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Unified Effort Urged Against Apartheid

April 19, 1985

WASHINGTON (AP) _ Sen. Mitch McConnell, R-Ky., urged colleagues Thursday to take the lead in fashioning a unified effort to persuade South Africa to abandon its system of racial separation.

In a speech on the Senate floor, the freshman lawmaker described the apartheid system as ″one of the most abhorrent and criminal examples of injustice evident in the world.″

And he declared that President Reagan’s ″constructive engagement″ policy intended to bring quiet pressure to bear on the white-run South African government is a failure that has left the lot of South Africa’s majority black population unchanged.

McConnell said he will soon introduce compromise legislation intended to spell out a middle-ground approach between constructive engagement and punitive economic sanction plans being introduced by Senate and House liberals.

He faulted Reagan administration policy for placing too much emphasis on the presence of Cuban troops in Angola, South Africa’s neighbor to the north, and failing to focus adequately on ″the bare, grim facts of life for most South Africans.″

″I am convinced thet the greatest threat to security and stability is not posed by the Cubans or Soviets, but by the injustices of apartheid,″ McConnell said.

He said 242 people have been killed in racial violence in South Africa in the last two years and that 16 members of the United Democratic Front who sought non-violent change have been jailed on charges of treason.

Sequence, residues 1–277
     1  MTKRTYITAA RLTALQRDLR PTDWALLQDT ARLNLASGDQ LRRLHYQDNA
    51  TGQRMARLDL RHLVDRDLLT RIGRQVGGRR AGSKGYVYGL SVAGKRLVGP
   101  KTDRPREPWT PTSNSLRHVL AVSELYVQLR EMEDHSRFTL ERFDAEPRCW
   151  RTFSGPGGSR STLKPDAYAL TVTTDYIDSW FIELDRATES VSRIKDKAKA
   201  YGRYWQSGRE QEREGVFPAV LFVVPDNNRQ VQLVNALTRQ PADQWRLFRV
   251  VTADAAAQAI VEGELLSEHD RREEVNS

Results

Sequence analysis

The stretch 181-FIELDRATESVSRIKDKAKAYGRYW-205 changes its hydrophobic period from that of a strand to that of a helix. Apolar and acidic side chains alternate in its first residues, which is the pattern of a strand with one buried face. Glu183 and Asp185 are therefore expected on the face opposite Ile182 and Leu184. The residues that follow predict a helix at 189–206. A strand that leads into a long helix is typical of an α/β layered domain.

″A policy that allows this to continue uncorrected, as the administration’s has, is a policy that has failed,″ McConnell said.

On the other hand, he said he is skeptical about the prospects of success of alternatives that rely heavily on economic sanctions and which he said appear to be ″all stick and no carrot.″

″Sanctions against an entire nation will not compel the few who control South Africa to lift the burdens of apartheid,″ McConnell said. ″Unrestricted sanctions will punish all for the sins of a few.″

But he said the government must demonstrate that the United States has the will to bring ″all necessary pressure to bear to effect change.″

″We must rise to this challenge and act to change the course of South Africa’s tragic history,″ McConnell said.

″Conservatives and liberals, Republicans and Democrats can and should act in unison,″ he said. ″And we should act now.″

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